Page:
Reading Durrell in Riyadh

durrell with Fathi Elabiary

Durrell with Egyptian journalist and writer Fathi Elabiary in Alexandria

As part of this series of posts about Durrell in the Arabic-speaking world, here is a piece from Saudi daily newspaper al-Riyadh from last year on the Alexandria Quartet. It’s by Dr. Abdullah Ibrahim, who writes about literature for the paper (here is a piece he wrote about Nabokov’s Lolita.)

 

Ibrahim talks about how he was discussing Alexandria and its intellectual history, and was first reminded of the 2009 movie Agora, which is set in Alexandria in the late 4th century and which explores the life of Hypatia, and which includes dramatic scenes in the Alexandria library. Ibrahim then recalled the Alexandria Quartet, which he said Durrell created as a sort of fantasy through which he could explore his various characters’ destinies against the backdrop of the ancient city.

However, the Quartet gave rise to much criticism regarding Durrell’s portrayal of Alexandria, a controversy that stemmed from the question of whether the narrative should have portrayed the city’s history, society and development. Durrell’s critics did not see in the Quartet an image of the Alexandria they knew:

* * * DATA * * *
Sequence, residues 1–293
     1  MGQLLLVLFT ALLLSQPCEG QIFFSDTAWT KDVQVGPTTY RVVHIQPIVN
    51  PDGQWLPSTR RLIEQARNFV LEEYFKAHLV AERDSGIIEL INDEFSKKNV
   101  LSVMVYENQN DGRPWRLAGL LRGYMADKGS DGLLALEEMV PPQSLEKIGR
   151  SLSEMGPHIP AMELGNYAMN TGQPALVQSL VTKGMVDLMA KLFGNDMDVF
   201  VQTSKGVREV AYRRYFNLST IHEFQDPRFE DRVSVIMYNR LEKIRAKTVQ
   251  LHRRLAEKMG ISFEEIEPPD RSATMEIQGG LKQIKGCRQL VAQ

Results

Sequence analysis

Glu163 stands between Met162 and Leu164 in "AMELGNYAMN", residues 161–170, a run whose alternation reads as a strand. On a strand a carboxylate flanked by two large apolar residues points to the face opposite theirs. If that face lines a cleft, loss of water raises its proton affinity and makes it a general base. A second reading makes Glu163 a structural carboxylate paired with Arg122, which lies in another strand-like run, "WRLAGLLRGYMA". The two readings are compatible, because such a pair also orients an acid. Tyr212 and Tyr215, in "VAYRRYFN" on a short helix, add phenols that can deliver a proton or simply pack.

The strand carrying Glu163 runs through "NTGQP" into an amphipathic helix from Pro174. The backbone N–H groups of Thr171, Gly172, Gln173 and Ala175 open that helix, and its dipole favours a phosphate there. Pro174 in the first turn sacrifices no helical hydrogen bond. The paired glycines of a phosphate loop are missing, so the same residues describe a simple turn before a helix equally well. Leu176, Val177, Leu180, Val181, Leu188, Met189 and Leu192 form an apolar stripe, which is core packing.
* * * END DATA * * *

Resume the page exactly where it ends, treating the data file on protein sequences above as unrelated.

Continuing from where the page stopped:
[they did not find] an Alexandria that matched their personal account of experiences, information and facts, and so accused the author of deception and forgery, clad in harlotry and alien to Egypt

 

The critics “did not take into account that Durrell had created an image narrative of Alexandria” and had created a Utopia compatible with his perspective and personal experiences. Durrell “slipped into the world of the city” almost two decades after leaving it, combining in his narrative a nostalgic colonial feel with lively fantasy elements. The Quartet’s characters “intertwined in mysterious relationships, wander the city’s alleyways and move through its streets, and all the while free of the city’s topography”. Durrell “borrowed the spirit of the place”, taking his memories of the city and using his imagination to create a world.

Ibrahim wrote a more detailed article about the Quartet previously for al-Riyadh, in 2007.

Notes:

Al-Riyadh is technically an independent newspaper, but it is pro-government.

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